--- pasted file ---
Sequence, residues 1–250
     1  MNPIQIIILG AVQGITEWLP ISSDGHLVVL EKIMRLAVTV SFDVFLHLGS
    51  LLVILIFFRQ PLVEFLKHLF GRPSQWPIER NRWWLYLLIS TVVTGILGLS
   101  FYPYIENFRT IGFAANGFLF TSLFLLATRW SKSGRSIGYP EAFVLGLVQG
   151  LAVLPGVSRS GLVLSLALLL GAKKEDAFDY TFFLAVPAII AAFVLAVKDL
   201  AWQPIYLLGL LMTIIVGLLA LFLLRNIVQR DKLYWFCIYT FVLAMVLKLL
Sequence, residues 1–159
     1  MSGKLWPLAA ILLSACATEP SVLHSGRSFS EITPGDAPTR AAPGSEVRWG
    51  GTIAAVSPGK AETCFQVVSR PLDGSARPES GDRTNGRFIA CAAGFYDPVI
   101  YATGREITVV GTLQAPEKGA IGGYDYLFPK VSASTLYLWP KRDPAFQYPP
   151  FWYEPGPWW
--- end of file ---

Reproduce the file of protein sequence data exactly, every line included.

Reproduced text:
Sequence, residues 1–250
     1  MNPIQIIILG AVQGITEWLP ISSDGHLVVL EKIMRLAVTV SFDVFLHLGS
    51  LLVILIFFRQ PLVEFLKHLF GRPSQWPIER NRWWLYLLIS TVVTGILGLS
   101  FYPYIENFRT IGFAANGFLF TSLFLLATRW SKSGRSIGYP EAFVLGLVQG
   151  LAVLPGVSRS GLVLSLALLL GAKKEDAFDY TFFLAVPAII AAFVLAVKDL
   201  AWQPIYLLGL LMTIIVGLLA LFLLRNIVQR DKLYWFCIYT FVLAMVLKLL
Sequence, residues 1–159
     1  MSGKLWPLAA ILLSACATEP SVLHSGRSFS EITPGDAPTR AAPGSEVRWG
    51  GTIAAVSPGK AETCFQVVSR PLDGSARPES GDRTNGRFIA CAAGFYDPVI
   101  YATGREITVV GTLQAPEKGA IGGYDYLFPK VSASTLYLWP KRDPAFQYPP
   151  FWYEPGPWW